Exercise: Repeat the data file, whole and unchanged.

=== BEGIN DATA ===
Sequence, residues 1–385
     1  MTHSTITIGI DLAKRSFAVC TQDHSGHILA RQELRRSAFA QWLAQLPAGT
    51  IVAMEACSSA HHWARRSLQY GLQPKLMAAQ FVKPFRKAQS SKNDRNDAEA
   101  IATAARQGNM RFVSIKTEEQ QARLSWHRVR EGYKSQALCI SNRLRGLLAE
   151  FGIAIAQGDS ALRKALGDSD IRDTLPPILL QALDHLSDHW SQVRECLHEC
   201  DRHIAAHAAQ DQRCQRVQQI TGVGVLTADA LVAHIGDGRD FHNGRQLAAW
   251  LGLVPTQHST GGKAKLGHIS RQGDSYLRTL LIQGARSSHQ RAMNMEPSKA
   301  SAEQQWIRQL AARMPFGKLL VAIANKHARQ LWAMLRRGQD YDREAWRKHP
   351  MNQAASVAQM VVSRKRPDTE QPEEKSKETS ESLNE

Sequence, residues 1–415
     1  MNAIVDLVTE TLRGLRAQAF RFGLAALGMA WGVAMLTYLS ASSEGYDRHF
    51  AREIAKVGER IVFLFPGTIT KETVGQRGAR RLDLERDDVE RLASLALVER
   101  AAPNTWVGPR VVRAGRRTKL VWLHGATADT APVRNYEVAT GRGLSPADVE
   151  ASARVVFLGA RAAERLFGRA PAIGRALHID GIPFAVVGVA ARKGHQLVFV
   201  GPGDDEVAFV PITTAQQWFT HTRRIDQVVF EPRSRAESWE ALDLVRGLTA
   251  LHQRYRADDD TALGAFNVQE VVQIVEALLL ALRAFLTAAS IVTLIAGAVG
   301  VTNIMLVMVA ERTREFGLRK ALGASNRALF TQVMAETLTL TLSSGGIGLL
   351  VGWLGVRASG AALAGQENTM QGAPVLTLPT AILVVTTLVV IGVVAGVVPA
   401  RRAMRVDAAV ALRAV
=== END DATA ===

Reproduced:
Sequence, residues 1–385
     1  MTHSTITIGI DLAKRSFAVC TQDHSGHILA RQELRRSAFA QWLAQLPAGT
    51  IVAMEACSSA HHWARRSLQY GLQPKLMAAQ FVKPFRKAQS SKNDRNDAEA
   101  IATAARQGNM RFVSIKTEEQ QARLSWHRVR EGYKSQALCI SNRLRGLLAE
   151  FGIAIAQGDS ALRKALGDSD IRDTLPPILL QALDHLSDHW SQVRECLHEC
   201  DRHIAAHAAQ DQRCQRVQQI TGVGVLTADA LVAHIGDGRD FHNGRQLAAW
   251  LGLVPTQHST GGKAKLGHIS RQGDSYLRTL LIQGARSSHQ RAMNMEPSKA
   301  SAEQQWIRQL AARMPFGKLL VAIANKHARQ LWAMLRRGQD YDREAWRKHP
   351  MNQAASVAQM VVSRKRPDTE QPEEKSKETS ESLNE

Sequence, residues 1–415
     1  MNAIVDLVTE TLRGLRAQAF RFGLAALGMA WGVAMLTYLS ASSEGYDRHF
    51  AREIAKVGER IVFLFPGTIT KETVGQRGAR RLDLERDDVE RLASLALVER
   101  AAPNTWVGPR VVRAGRRTKL VWLHGATADT APVRNYEVAT GRGLSPADVE
   151  ASARVVFLGA RAAERLFGRA PAIGRALHID GIPFAVVGVA ARKGHQLVFV
   201  GPGDDEVAFV PITTAQQWFT HTRRIDQVVF EPRSRAESWE ALDLVRGLTA
   251  LHQRYRADDD TALGAFNVQE VVQIVEALLL ALRAFLTAAS IVTLIAGAVG
   301  VTNIMLVMVA ERTREFGLRK ALGASNRALF TQVMAETLTL TLSSGGIGLL
   351  VGWLGVRASG AALAGQENTM QGAPVLTLPT AILVVTTLVV IGVVAGVVPA
   401  RRAMRVDAAV ALRAV